I am trying to plant some trees which are usually native to colder climates into Subtropical climate, is there any possibility that if i plant these 20 trees saplings in winters they will grow to be a tree, due to some random genetic mutation, given all nutrients all provided to it?

Tree in Question is Deodar


The key point will be that the 20 saplings are all grown from seed, and from seed selected from as wide a parent population as possible. Given those circumstances the genetic pool represented in your sapling sample will be as wide as possible given the natural variation in the species pool. To take the contrary view, say your seed was selected from 2 cones from one tree where there are only two trees to exchange pollen. All of the seeds produced will then have a genetic pattern that will be as restricted as you can find.

Given an inherently wide array of genetics in your 20 trees you may find a couple that will survive the heat. These could then go on to parent other offspring. Of course, you could apply the same thinking to breeding a banana plant that would survive in the Arctic which is clearly unreasonable; however if the seed comes bulk collected from a forest in Pakistan then this puts you back into the realm of possibility. There may already be some trees in countries with native populations of Deodar growing in the hotter limits of their range, with some of the selection already done for you.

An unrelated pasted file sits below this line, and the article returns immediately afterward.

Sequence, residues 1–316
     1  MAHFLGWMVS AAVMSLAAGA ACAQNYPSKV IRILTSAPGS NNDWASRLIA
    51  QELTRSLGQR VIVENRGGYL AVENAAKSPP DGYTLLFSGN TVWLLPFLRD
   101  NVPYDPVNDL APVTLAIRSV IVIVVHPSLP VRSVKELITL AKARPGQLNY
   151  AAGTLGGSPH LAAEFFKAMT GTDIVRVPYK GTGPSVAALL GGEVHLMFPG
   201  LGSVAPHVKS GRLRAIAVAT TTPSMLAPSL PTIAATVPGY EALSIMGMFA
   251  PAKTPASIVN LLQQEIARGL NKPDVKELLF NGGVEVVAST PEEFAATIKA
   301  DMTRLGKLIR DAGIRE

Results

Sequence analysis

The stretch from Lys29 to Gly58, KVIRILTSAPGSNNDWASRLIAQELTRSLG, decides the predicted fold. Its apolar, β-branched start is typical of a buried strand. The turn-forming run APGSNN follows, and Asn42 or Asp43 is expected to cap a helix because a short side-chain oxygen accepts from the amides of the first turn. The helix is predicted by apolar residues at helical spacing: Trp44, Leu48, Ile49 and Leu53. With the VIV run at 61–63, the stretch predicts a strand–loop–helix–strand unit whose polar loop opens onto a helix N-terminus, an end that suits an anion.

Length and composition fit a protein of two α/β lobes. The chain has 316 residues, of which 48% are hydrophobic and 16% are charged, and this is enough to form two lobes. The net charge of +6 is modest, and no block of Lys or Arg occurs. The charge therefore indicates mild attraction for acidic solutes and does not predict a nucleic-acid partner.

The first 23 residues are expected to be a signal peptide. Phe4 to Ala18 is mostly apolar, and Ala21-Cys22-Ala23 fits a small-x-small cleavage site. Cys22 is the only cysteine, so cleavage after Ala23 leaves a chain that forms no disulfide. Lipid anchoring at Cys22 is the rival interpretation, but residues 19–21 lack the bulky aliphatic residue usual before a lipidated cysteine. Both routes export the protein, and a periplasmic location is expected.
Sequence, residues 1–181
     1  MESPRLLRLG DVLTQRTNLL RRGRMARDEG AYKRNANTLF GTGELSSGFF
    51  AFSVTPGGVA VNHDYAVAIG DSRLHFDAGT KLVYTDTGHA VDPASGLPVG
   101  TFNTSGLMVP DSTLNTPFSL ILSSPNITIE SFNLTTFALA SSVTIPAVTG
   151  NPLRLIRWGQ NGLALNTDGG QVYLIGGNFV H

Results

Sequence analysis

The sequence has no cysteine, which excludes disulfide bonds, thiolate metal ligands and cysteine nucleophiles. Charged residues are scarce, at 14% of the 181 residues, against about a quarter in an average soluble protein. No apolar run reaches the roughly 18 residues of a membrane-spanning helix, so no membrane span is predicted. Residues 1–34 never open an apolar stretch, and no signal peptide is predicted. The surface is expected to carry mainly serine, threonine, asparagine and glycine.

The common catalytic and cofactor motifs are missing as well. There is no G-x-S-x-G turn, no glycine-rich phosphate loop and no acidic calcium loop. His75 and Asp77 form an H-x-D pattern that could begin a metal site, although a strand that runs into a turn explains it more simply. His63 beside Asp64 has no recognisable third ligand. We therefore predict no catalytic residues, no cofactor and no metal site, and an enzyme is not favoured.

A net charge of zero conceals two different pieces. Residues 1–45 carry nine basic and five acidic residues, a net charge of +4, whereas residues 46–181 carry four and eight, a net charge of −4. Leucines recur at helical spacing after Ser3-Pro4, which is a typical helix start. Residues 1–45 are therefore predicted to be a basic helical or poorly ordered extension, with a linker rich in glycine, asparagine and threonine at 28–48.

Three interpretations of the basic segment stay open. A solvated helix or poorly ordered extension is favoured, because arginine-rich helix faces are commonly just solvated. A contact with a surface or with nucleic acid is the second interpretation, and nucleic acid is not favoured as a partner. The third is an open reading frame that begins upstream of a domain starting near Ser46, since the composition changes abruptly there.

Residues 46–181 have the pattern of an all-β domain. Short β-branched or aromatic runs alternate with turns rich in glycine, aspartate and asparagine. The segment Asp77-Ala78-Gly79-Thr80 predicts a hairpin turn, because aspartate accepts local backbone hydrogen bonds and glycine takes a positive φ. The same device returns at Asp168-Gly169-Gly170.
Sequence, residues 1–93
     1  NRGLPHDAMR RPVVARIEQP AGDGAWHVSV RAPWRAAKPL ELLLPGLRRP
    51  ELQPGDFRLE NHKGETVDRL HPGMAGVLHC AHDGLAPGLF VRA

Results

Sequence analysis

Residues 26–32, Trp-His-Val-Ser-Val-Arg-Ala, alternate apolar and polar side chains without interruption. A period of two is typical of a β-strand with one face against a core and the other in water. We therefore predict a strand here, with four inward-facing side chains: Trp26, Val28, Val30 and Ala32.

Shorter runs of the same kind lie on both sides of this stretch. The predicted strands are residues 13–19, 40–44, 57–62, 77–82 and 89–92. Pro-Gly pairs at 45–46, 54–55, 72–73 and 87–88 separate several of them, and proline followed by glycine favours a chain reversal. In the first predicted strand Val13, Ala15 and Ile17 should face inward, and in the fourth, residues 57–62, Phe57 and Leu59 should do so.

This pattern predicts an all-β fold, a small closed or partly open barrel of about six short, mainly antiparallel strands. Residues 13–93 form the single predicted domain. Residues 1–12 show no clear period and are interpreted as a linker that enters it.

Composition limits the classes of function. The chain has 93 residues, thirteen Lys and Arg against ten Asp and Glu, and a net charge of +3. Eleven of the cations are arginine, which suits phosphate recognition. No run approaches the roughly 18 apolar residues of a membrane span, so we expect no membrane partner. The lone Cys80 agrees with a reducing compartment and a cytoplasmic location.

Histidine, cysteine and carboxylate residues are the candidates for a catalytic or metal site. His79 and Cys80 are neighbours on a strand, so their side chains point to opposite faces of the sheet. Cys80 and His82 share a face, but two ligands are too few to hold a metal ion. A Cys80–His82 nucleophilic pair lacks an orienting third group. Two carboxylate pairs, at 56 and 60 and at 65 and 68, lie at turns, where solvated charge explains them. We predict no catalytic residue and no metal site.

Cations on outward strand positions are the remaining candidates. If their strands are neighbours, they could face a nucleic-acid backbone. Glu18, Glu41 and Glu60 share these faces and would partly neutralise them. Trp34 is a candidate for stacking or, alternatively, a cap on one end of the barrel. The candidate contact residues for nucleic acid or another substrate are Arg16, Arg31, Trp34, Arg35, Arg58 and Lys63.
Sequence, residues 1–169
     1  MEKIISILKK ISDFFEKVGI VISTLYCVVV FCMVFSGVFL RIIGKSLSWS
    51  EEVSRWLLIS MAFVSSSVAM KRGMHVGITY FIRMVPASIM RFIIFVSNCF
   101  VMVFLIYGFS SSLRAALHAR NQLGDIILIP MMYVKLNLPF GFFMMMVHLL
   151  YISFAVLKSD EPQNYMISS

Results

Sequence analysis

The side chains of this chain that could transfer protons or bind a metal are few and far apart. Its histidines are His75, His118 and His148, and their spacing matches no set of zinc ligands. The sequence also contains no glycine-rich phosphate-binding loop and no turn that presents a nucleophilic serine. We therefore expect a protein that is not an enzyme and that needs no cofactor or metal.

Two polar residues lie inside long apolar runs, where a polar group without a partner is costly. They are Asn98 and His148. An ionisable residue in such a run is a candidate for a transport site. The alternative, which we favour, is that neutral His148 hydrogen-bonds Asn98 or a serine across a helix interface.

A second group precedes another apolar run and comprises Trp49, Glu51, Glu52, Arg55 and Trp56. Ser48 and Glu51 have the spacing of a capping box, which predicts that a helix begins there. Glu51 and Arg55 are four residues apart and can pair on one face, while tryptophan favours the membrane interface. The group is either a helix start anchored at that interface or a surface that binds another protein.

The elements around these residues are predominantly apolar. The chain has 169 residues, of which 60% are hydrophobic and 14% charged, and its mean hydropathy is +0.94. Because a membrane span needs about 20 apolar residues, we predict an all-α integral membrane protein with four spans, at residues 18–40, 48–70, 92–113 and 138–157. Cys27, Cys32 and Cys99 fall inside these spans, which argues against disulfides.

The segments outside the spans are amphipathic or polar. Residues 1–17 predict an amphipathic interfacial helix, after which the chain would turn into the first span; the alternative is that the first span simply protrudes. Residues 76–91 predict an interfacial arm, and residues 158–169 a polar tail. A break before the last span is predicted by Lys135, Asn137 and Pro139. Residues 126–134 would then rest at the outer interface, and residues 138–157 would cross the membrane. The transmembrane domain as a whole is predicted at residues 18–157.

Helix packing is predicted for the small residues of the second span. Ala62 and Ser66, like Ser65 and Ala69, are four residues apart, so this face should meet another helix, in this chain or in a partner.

Existing cultivars will not be much of a guide to the possibilities since they will have been selected on the basis of very different criteria.

  • How is heat bad for plant, as i understand more sun more water means more energy for these plants
    – murmansk
    May 11 '20 at 10:07

Cedrus deodara grows in temperature ranges of between -23deg - 40degC. After that upper temperature range, and the higher the temperature is over that 40degC, the less likely the trees will grow. So far as I am aware, there are no cultivars of this variety of Cedrus that will tolerate higher temperatures; whether or not some 'random genetic mutation' might occur in your trees to enable them to tolerate higher temperatures is not something anyone can predict, but it's highly unlikely. Which means you either decide not to plant them, or take a gamble on their survival. If you already have the saplings, you might as well plant them as planned and let them take their chances.

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